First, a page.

'Life… is a tale, Told by an idiot, full of sound and fury, Signifying nothing.'
Why does Macbeth find life meaningless?
If Macbeth were to look in the mirror, at the time he spoke these words he would see the reflection of an unrecognisable man, compared to that which would have looked back at him at the beginning of his story. The man who looks back at him now, complaining that life signifies nothing, is soul-less, empty, and resembles very little of the admirable reflection he once saw. This reflection has nothing left to live for, with a heart that is no longer alive. It beats loud and heavy allowing him to breath, however he cannot feel it. His pride is non-existant and he feels only pain, regret and remorse. The voices that scream at him within his head, terrorise his thoughts and remind him of the crimes he has committed.
Macbeth cannot see past his own doomed life and is blinded by his own failures. Life in his eyes appears now as a pointless task he must endure which offers no significance at all. This tragic conclusion Macbeth has come too, has been largely influenced by the guilty and unstable conscience which resides within his body. He is no longer the admirable, vivacious and honourable man he once was. The tragic fall and clouding over of his once positive outlook on life ended his greatness, and sprung from the prophecies the three witches made.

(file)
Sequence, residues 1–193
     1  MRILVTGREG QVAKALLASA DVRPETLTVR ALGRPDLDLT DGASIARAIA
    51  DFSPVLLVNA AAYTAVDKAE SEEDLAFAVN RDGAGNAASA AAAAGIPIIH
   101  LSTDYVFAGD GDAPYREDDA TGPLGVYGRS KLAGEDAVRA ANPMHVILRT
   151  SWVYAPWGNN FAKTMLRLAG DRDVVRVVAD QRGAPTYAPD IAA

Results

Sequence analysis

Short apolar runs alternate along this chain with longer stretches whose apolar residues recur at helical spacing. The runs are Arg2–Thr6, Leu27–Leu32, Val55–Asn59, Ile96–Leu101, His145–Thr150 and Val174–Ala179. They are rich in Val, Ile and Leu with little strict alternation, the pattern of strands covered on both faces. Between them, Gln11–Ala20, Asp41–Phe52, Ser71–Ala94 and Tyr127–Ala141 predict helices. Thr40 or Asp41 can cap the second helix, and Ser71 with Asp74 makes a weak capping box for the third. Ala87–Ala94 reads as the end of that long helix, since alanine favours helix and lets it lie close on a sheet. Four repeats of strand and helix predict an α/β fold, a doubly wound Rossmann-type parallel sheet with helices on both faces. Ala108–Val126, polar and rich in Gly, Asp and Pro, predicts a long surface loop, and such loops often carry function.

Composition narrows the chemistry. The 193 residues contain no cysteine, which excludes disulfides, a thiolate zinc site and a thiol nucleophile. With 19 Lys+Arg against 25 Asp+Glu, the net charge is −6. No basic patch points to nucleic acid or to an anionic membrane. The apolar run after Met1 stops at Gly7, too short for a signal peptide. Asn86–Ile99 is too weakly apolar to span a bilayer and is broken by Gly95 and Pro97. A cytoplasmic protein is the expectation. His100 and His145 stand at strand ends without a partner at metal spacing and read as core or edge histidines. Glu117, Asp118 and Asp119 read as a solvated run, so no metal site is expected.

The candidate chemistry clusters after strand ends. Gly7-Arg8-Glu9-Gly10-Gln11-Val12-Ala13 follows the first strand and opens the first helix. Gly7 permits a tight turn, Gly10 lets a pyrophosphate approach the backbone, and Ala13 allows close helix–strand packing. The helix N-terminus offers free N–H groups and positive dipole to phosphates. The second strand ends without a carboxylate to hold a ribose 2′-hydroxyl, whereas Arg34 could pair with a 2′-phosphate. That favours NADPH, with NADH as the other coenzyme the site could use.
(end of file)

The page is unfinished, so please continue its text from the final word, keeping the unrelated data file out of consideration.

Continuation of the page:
These prophecies seduced Macbeth, as if they had awakened his deepest and most secret ambitions, forcing him to contemplate evil ideas of murder. Macbeth eventually gave in to these temptations which allowed evil to dominate the rest of his life.
"All hail, Macbeth! Hail to thee, Thane of Glamis…. All Hail, Macbeth! Hail to thee, Thane of Cawdor!... All Hail, Macbeth, that shalt be king hereafter!"
As these words were spoken, Macbeths thoughts were forever plagued by the possible glory and power that these prophecies would provide if they were to become realities. He was motivated by his...
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